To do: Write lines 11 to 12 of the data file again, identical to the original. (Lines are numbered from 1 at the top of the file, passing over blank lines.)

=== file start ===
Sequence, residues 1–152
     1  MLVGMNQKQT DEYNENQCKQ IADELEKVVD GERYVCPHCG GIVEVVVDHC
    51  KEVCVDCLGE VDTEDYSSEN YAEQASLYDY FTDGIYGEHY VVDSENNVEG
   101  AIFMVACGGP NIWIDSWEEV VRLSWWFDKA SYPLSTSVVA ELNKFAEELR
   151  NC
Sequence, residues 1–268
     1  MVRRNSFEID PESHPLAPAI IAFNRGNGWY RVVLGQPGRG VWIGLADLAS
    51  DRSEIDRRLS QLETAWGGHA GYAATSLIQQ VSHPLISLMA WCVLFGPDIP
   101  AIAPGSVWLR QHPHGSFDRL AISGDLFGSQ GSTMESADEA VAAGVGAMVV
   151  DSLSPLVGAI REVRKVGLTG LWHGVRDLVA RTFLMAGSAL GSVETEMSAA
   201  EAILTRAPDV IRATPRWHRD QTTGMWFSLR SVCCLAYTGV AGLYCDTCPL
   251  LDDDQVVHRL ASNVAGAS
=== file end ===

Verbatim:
   201  EAILTRAPDV IRATPRWHRD QTTGMWFSLR SVCCLAYTGV AGLYCDTCPL
   251  LDDDQVVHRL ASNVAGAS